(2) determine the biological, chemical, and mechanical measures necessary to prevent, retard, control, or suppress incipient, potential, threatening, or emergency insect infestations and disease conditions affecting trees;

(3) plan, organize, direct, and perform measures the Secretary determines necessary to prevent, retard, control, or suppress incipient, potential, threatening, or emergency insect infestations and disease epidemics affecting trees;

(4) provide technical information, advice, and related assistance on the various techniques available to maintain a healthy forest and in managing and coordinating the use of pesticides and other toxic substances applied to trees and other vegetation, and to wood products, stored wood, and wood in use;

(5) develop applied technology and conduct pilot tests of research results prior to the full-scale application of such technology in affected forests;

(6) promote the implementation of appropriate silvicultural or management techniques that may improve or protect the health of the forests of the United States; and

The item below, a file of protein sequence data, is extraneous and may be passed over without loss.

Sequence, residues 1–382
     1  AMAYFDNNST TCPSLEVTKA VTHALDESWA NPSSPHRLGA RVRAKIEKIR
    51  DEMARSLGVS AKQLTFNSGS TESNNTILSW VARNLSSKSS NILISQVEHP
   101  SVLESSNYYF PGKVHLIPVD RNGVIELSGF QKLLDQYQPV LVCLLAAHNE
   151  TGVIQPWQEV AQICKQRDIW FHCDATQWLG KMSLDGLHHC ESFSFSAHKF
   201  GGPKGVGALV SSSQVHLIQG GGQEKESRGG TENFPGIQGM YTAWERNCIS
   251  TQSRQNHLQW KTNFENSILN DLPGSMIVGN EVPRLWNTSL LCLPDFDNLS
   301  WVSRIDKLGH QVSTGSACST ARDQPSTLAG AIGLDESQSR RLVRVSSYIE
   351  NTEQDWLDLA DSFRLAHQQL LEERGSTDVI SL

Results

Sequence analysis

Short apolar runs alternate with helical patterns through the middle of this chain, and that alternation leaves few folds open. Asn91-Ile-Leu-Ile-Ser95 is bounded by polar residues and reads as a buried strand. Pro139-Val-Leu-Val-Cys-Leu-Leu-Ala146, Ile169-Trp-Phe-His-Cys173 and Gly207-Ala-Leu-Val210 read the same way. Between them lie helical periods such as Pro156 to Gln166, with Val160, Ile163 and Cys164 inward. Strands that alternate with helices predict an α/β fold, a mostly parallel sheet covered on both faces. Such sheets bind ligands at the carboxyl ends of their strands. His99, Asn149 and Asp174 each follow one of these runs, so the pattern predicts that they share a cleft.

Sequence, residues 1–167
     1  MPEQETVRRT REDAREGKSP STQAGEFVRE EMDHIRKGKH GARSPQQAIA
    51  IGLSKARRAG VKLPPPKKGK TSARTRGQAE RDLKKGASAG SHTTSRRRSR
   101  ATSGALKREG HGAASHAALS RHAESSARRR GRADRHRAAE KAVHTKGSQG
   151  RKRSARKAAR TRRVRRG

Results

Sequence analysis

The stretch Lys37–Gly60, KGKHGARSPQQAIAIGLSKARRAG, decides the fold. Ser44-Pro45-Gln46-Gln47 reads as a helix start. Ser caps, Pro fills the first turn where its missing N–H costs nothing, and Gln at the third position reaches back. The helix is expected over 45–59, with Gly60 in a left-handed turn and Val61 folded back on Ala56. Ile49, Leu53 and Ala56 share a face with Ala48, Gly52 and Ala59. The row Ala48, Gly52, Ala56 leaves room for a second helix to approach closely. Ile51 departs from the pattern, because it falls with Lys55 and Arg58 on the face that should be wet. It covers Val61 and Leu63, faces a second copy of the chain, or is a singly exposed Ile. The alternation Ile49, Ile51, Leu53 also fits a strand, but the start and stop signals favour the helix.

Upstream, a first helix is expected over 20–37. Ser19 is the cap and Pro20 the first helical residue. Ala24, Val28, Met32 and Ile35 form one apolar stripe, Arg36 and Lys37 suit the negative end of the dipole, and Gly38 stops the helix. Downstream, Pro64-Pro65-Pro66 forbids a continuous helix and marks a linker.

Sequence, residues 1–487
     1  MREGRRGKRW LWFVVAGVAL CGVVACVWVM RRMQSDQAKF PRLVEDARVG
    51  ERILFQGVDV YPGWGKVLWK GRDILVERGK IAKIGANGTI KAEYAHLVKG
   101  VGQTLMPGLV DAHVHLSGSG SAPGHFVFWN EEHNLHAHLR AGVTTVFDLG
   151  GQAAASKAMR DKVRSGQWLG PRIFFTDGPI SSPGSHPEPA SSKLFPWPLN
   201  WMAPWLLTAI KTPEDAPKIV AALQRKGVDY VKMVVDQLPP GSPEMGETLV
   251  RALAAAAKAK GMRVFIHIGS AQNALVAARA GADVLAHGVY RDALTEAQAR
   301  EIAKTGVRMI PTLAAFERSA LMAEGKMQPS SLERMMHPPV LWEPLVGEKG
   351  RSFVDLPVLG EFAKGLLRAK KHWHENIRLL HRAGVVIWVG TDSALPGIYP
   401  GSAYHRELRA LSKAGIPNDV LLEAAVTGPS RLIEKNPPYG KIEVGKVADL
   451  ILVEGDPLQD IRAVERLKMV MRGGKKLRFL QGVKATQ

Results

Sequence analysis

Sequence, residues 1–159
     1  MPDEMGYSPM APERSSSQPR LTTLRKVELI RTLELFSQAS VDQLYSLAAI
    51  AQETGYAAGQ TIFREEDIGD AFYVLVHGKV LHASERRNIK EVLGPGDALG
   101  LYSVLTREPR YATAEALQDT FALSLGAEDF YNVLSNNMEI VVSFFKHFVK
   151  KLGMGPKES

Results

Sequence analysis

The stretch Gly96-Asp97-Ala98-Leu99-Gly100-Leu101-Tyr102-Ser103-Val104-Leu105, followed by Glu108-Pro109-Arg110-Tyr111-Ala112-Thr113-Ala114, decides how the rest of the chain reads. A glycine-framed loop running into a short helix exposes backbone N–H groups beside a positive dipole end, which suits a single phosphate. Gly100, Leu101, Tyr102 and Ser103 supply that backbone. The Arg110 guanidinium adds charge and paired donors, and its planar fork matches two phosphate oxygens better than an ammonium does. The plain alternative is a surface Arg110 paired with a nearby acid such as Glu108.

(7) take any other actions the Secretary determines necessary to accomplish the objectives and purposes of this section.

(c) Consent of entity

Operations under this section to prevent, retard, control, or suppress insects or diseases affecting forests and trees on land not controlled or administered by the Secretary shall not be conducted without the consent, cooperation, and participation of the entity having ownership of or jurisdiction over the affected land.

(d) Contribution by entity

No money appropriated to implement this section shall be expended to prevent, retard, control, or suppress insects or diseases affecting trees on non-Federal land until the entity having ownership of or jurisdiction over the affected land contributes, or agrees to contribute, to the work to be done in the amount and in the manner determined appropriate by the Secretary.